3. Get Some Exercise
It’s no secret at this point that there’s a myriad of benefits of exercise, but some people often neglect the benefit that exercise has on stress relief and cognitive function.
Even just 20 minutes of rigorous exercise improves blood flow to the brain, reduces inflammation, and lowers levels of stress hormones. In some cases, this can be a bit of a quick fix to get your mind going again and relieve some of the stress and anxiety that you’ve been feeling about your coding problem. The benefits increase if you make this a normal part of your routine as regular exercise has been shown to boost memory and cognitive function as well as improve your mood and the quality of your sleep. Improving the quality of your sleep also adds a whole slew of other cognitive benefits.
So when you’re feeling extra frustrated by those incessant errors, get up and move a little bit. The exercise may be able to help you work through the problem.
4. Allow a Mindless Distraction
You know that thing that happens when you’re in the shower and all of a sudden you come up with the best idea you’ve ever had in your life? No, the shower in your home is not actually a beacon for creativity and high-level thought. Research has shown that you’re more able to tap into your inner creative genius when performing some sort of monotonous activity.
Activities like showering, driving, cooking, exercising (ahem…see above), or even something relaxing like fishing has the ability to basically put your brain on autopilot. When your conscious mind is in this state, your subconscious is allowed to wander freely and will often begin to come up with sparks of genius while not otherwise saddled with dealing with thinking about what’s going on.
So when you step away from your coding problem, try to engage in a mindless activity.
5. Look For a New Perspective
When I’m beginning to work on a project, I will typically put together an outline first. I will sketch out how I’ll be attacking the project in terms of how I’m going to process data, what technologies I’m going to use, the models I’ll be using, and a whole slew of other things. This gives me a solid plan before getting down to business. Great idea, right?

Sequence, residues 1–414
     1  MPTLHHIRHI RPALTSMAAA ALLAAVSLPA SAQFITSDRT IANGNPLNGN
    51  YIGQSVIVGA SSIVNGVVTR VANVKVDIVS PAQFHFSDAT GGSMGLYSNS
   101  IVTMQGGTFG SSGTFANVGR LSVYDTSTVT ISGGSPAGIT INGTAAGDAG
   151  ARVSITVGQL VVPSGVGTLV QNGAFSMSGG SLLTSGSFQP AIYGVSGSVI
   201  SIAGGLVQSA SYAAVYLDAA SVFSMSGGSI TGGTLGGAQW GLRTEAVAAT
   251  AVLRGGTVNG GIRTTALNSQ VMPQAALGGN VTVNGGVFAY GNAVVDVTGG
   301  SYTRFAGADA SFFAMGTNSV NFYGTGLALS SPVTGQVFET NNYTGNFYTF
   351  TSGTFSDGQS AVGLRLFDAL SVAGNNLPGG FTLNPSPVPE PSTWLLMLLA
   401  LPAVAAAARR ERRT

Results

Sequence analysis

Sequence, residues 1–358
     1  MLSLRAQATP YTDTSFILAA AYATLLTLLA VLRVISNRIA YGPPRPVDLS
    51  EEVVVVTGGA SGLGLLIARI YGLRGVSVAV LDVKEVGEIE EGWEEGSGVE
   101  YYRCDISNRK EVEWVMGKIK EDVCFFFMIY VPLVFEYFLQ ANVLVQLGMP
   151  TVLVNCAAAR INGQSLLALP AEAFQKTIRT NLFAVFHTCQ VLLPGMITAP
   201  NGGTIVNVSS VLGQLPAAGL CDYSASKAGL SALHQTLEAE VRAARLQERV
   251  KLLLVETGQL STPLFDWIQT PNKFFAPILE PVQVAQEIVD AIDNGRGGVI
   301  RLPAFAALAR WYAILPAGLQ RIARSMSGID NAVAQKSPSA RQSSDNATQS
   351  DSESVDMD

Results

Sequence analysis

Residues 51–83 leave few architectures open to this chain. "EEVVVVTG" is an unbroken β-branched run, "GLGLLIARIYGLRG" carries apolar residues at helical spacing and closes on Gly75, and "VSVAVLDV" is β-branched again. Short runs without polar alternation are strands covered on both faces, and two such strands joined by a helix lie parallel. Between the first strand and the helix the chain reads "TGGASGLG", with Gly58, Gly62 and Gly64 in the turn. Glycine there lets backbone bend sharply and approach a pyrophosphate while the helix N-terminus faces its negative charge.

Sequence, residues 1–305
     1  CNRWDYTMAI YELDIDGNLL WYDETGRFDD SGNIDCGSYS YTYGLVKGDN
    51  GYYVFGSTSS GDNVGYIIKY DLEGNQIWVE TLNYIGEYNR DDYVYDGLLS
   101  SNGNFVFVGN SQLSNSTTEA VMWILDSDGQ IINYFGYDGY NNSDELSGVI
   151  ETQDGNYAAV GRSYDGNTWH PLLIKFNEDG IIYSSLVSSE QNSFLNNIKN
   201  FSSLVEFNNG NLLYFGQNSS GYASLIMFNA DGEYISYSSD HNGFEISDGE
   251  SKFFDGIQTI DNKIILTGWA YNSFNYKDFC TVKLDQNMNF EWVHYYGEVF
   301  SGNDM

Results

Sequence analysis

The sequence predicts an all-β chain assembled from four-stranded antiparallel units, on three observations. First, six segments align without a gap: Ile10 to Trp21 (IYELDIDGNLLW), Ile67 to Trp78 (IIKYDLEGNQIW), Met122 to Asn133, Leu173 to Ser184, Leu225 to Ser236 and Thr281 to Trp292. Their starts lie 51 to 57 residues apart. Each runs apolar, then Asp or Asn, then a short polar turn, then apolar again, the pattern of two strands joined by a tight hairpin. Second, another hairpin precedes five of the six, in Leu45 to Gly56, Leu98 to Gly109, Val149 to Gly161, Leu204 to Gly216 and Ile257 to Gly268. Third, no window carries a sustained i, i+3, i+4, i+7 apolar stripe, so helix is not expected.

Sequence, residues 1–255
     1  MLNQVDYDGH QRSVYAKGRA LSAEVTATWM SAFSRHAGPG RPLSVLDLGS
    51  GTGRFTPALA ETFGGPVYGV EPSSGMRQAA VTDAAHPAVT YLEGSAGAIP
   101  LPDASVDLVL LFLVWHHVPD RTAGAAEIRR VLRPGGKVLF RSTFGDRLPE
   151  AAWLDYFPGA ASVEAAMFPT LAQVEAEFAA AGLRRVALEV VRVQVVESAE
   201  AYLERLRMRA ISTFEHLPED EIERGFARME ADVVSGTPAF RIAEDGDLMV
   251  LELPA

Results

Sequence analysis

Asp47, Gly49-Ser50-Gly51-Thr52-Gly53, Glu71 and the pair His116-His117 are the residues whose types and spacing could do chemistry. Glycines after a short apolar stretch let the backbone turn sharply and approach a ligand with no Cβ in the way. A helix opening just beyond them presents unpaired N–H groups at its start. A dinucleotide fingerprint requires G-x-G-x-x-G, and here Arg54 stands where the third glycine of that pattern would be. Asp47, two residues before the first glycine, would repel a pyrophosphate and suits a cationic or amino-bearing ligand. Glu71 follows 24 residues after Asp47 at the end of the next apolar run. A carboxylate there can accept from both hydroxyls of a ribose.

Sometimes, when I start running into issues (and I always do), I wind up developing tunnel vision and don’t seem to even consider deviating from the plan that I put together in the beginning. If my block of code doesn’t work, I’ll continue to try to make it work until I either have a functioning code block…or that frustration begins to set in.
The reality is that, as we all know, there’s an almost endless supply of ways to solve a particular problem. There’s no reason to keep yourself tied to something just because it’s what you planned to do or it’s the way you want to do it. Step away, move on from what’s giving you a problem, and come back with a fresh perspective. Maybe it’s a matter of using a different technology. Perhaps it’s a matter of processing the data a bit differently so it plays well with things later on. You can apply this logic to really any aspect of your project and you’ll wind up spending more time working on solutions and less time trying to fit square pegs into round holes.
If you happened to make it this far, thanks for reading! Please feel free to leave a comment and let me know what you think.